Case report Creative Commons, CC-BY
The Diagnosis and Treatment of a Rare Case of Supraclavicular Neuropathy Following Thoracic Decompression Surgery
*Corresponding author: Hong Wu, Department of Physical Medicine & Rehabilitation, Department of Anesthesiology, Medical College of Wisconsin, Milwaukee, WI 53226, USA
Received: February 06, 2020; Published: February 18, 2020
The supraclavicular nerve is rarely of clinical significance for many medical providers and even less so for most pain physicians. The following is a case of supraclavicular neuropathy following thoracic outlet decompression to treat Paget–Schroetter syndrome, a venous thrombosis etiology of thoracic outlet syndrome (TOS). A 38-year-old female was referred to our pain management clinic by her vascular surgeon for a new onset of severe right-sided superior chest wall and peri-clavicular pain that began after surgery to address her TOS. She described constant tingling, burning, and numbness which was distinct from the painless swelling and mottling of her right arm prior to her TOS diagnosis. Narcotics and muscle relaxants had provided minimal relief for these new post-operative symptoms. Multiple subsequent ultrasound exams were negative for recurrent venous thrombosis. After 6 weeks of treatment in the pain clinic, which included the initiation of gabapentin, desensitization therapy, repeated local lidocaine injections, and electroacupuncture, she reported 70% improvement in pain. She also endorsed improved functional outcomes, specifically an increased ability to perform overhead activities, wear upper body clothing without severe pain, and improved sleep. This patient represents a rare case of supraclavicular neuropathy following surgery to address a venous etiology of TOS, Paget–Schroetter syndrome. The purpose of this report is to bring awareness of this surgical complication to pain physicians in order to lead to early diagnosis and treatment, and to prevent the development of chronic pain.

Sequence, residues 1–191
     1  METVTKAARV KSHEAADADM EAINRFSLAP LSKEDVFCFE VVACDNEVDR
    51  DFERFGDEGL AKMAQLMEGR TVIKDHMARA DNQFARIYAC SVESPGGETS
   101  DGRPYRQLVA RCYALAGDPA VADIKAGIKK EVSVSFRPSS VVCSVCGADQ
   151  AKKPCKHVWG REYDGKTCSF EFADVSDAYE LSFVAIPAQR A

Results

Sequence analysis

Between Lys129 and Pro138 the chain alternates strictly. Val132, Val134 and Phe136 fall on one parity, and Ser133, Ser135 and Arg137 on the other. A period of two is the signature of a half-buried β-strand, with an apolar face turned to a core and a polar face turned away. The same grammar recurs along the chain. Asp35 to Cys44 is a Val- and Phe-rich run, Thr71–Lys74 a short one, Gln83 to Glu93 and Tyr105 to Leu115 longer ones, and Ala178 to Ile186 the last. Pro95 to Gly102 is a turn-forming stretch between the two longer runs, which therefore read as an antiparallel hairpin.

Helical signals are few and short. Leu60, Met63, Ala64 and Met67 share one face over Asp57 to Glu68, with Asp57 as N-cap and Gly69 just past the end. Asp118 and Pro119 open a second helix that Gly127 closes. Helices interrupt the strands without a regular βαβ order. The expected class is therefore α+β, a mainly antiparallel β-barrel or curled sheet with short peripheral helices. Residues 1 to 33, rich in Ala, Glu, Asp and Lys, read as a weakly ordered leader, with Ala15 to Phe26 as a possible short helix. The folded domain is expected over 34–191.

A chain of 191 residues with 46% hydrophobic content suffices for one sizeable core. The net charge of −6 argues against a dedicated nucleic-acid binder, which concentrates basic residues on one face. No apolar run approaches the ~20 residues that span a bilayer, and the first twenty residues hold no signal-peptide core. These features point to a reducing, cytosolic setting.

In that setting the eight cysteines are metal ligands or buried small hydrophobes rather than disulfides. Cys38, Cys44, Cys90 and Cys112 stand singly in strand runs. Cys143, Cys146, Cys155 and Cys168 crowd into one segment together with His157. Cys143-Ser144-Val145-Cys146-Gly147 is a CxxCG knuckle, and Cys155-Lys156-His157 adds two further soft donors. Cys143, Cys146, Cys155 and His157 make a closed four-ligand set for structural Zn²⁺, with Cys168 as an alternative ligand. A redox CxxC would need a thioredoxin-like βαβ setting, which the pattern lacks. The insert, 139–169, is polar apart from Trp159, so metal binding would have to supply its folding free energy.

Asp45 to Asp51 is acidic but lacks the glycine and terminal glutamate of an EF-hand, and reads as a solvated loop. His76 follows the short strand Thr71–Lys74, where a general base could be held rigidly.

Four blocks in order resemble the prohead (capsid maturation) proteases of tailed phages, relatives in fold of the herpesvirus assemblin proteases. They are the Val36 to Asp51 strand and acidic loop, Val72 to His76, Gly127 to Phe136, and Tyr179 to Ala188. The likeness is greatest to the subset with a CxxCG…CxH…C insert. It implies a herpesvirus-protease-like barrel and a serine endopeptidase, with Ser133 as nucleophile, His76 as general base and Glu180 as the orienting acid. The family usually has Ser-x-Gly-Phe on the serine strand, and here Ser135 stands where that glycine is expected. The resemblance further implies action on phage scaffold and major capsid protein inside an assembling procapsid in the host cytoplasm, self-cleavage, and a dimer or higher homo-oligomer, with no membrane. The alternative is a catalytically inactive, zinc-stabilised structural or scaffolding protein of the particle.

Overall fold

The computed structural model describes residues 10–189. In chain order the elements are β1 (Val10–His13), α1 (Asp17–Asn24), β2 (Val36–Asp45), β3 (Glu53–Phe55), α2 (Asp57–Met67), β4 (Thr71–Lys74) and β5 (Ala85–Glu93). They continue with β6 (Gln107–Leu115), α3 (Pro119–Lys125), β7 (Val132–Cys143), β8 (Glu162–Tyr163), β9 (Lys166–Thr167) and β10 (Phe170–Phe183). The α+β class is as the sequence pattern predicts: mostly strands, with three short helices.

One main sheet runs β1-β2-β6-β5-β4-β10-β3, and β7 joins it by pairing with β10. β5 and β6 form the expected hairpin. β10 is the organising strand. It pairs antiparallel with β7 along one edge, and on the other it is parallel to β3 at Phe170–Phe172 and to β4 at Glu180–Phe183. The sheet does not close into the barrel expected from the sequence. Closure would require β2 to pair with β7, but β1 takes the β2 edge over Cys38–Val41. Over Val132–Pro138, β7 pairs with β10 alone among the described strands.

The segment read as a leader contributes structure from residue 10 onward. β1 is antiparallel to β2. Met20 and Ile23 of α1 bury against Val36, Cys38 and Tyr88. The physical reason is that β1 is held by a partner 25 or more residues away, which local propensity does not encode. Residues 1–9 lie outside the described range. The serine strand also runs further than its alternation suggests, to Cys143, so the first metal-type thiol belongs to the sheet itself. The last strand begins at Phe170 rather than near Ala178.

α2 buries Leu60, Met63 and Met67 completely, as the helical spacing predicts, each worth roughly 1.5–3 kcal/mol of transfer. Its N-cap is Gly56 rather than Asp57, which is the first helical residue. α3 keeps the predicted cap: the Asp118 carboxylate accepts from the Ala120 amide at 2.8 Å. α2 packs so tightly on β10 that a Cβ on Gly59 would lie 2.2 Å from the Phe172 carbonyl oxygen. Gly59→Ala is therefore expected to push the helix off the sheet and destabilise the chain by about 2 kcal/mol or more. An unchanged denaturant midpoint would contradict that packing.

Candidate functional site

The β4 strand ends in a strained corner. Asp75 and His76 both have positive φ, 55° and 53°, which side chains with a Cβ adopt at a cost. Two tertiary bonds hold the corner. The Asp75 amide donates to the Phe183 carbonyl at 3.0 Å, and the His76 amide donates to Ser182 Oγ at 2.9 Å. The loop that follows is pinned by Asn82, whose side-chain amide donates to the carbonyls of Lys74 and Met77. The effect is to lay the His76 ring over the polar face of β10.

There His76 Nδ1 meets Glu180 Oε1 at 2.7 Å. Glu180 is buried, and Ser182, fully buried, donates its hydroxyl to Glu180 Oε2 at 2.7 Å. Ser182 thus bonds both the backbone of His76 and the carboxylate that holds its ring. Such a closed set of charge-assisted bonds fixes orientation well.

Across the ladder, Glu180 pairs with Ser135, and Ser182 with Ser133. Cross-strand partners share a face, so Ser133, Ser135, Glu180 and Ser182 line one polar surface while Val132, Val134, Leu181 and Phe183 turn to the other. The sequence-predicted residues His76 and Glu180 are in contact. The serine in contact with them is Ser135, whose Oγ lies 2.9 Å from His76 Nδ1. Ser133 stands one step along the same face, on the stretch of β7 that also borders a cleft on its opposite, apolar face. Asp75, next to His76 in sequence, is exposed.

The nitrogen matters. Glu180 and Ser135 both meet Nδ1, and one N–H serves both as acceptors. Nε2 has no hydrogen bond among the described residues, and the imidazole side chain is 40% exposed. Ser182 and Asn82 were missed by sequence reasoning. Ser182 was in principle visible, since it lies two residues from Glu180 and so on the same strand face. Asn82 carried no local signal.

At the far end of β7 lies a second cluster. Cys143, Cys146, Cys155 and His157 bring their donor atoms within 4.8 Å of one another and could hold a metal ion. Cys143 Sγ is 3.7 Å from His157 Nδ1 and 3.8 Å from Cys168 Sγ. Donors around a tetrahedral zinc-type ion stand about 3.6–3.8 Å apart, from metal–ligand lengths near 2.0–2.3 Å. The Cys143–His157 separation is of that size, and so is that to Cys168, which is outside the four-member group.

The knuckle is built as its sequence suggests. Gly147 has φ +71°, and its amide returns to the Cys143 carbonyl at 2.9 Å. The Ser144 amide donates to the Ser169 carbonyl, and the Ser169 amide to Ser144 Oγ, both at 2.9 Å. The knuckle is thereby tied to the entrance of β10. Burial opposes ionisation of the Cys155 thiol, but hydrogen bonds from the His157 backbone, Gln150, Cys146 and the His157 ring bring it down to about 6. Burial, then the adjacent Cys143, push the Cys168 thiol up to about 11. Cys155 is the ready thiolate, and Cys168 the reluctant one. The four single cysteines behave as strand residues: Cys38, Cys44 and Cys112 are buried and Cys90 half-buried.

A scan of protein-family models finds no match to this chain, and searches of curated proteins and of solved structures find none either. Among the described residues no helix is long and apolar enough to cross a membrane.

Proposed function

Keywords: Supraclavicular Neuropathy, Paget-Schroetter Syndrome, Thoracic Outlet Syndrome, Peripheral Nerve Block, Acupuncture, Desensitization Therapy, Physical Therapy, Neuromodulators
The supraclavicular nerve emerges from the C3-4 nerve roots, and its branches provide sensory innervation to the skin overlying the pectoralis major, clavicle, anterior shoulder, and upper trapezius. The nerve has very little mentioning in the literature. Its clinical significance is generally limited to clavicle fractures and surgical management thereof [1, 2, 3]. The following is a rare case of a patient who was referred to a pain management clinic to address post-operative burning, numbness, and severe allodynia in the distribution of the supraclavicular nerve following first rib resection for the treatment of thoracic outlet syndrome (TOS).
The patient was as 35-year-old female with a past medical history of Type 2 Diabetes Mellitus, hyperlipidemia, obesity, and asthma who had initially presented to an emergency department 9 months prior for acute swelling and discoloration of her right forearm and hand. CT angiogram of her right upper extremity showed occlusive thrombi in the right brachiocephalic and subclavian veins, as well as non-occlusive thrombi in the right axillary, central brachial, basilic, and cephalic veins. She was diagnosed with Paget-Schroetter Syndrome, or venous TOS, and underwent urgent venous thrombolysis with resolution of symptoms. She was treated with therapeutic anticoagulants over the following 3 months and underwent a full hypercoagulable work up with the Hematology Department, which was negative. During the interim period between initial presentation and surgery, she denied any numbness or tingling, pain, swelling, or discoloration in her right upper extremity.